lgbasallote
  • lgbasallote
Fuel mileage is uniformly distributed between 5 km/L to 12 km/L. What is the probability that on the next trip, fuel mileage is between 6 to 9 km/L
Probability
  • Stacey Warren - Expert brainly.com
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SOLVED
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schrodinger
  • schrodinger
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amistre64
  • amistre64
12-5 = 7 |dw:1350993412929:dw|
lgbasallote
  • lgbasallote
ahh finally...someone who understands
amistre64
  • amistre64
iwould take a gander and say\[\frac{1}{7}{(9-6)}\]

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lgbasallote
  • lgbasallote
what's that 1/7 by the way?
lgbasallote
  • lgbasallote
|dw:1350993820431:dw|
amistre64
  • amistre64
a distribution curve has an area of 1 underneath it. since this is a uniform distribution. the "curve" is just a rectangle box with an area of 1 since the width is 7 units wide; the height of the box would have to be 1/7 to get an area of 1
lgbasallote
  • lgbasallote
hmm...that's an intuitive way of solving it....and here i thought i have to do \[\huge \int \limits_a^b f(x)dx\]
amistre64
  • amistre64
when it gets to normal distributions with a bell curve; they were nice enough to write down tables of for the integration :)
lgbasallote
  • lgbasallote
^?
amistre64
  • amistre64
a z table is a table of probabilities; it is written up for the same reason that sin and cos tables are written up. So that we dont have to suffer thru the integration of some ungodly looking integral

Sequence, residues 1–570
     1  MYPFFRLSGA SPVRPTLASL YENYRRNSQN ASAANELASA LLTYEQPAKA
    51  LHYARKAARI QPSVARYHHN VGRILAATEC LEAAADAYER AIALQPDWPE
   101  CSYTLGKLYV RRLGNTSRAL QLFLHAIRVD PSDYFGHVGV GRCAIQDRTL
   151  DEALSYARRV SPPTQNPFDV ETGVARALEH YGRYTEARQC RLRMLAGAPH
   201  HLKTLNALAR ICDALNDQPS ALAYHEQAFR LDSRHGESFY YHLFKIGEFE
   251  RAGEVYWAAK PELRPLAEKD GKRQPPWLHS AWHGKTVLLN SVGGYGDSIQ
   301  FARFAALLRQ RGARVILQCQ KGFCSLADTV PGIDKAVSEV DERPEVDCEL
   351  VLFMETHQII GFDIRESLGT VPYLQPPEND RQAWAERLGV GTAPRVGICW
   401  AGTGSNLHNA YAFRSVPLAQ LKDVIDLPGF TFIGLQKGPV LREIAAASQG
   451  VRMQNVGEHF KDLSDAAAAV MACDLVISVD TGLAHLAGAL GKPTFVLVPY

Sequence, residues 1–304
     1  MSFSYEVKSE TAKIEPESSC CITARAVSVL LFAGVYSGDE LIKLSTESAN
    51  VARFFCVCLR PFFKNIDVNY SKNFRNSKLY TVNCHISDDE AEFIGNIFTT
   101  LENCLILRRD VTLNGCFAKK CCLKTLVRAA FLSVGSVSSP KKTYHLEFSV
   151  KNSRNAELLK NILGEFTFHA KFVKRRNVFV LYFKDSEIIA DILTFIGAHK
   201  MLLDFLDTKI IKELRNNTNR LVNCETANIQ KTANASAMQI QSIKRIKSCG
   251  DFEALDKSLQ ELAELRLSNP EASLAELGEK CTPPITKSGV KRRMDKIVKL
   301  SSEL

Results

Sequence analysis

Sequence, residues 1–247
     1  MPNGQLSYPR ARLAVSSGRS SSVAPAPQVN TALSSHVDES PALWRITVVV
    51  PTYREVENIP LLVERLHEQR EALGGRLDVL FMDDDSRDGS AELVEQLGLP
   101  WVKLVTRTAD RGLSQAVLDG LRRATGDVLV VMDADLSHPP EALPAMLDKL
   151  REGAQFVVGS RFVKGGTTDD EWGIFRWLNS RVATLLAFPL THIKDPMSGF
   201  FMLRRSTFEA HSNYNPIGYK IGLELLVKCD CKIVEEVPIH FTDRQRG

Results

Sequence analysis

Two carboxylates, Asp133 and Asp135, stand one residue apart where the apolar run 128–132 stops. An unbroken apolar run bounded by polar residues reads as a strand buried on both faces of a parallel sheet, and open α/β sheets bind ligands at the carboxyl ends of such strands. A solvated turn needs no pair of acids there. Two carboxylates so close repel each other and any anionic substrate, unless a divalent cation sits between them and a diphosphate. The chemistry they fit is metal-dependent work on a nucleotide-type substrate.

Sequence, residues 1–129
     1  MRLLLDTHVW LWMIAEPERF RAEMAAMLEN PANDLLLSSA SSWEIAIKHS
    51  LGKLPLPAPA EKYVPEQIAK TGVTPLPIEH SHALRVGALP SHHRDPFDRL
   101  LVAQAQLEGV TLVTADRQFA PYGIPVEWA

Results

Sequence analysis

lgbasallote
  • lgbasallote
...you have succeeded in confusing and scaring me at the same time....
amistre64
  • amistre64
yay!! happy halloween :)
lgbasallote
  • lgbasallote
it's already christmas from where i am
amistre64
  • amistre64
hmmm, happy hanakah? ;)
lgbasallote
  • lgbasallote
anyway...this would just be \[\int \limits_a^b \frac 1{b-a} dx\] yes?
lgbasallote
  • lgbasallote
wait...that's wrong
lgbasallote
  • lgbasallote
\[\int \limits_a^x \frac 1{b-a}dx\] yes?
amistre64
  • amistre64
if you wanted to do the \[\int f(x)dx\]then a uniform distribution is a constant function \[\int_{5}^{12}k~dx=1\] \[12k-5k=1\] \[7k=1\] \[k=\frac17\] therefore \[\int_{6}^{9}\frac17~dx\]
lgbasallote
  • lgbasallote
so...i am right...yes?
amistre64
  • amistre64
1/(b-a) does generalize it yes. but the interval [a,x] seems a little off. that should simply be the interval across which you are integrating and should prolly not be confused with the other parts

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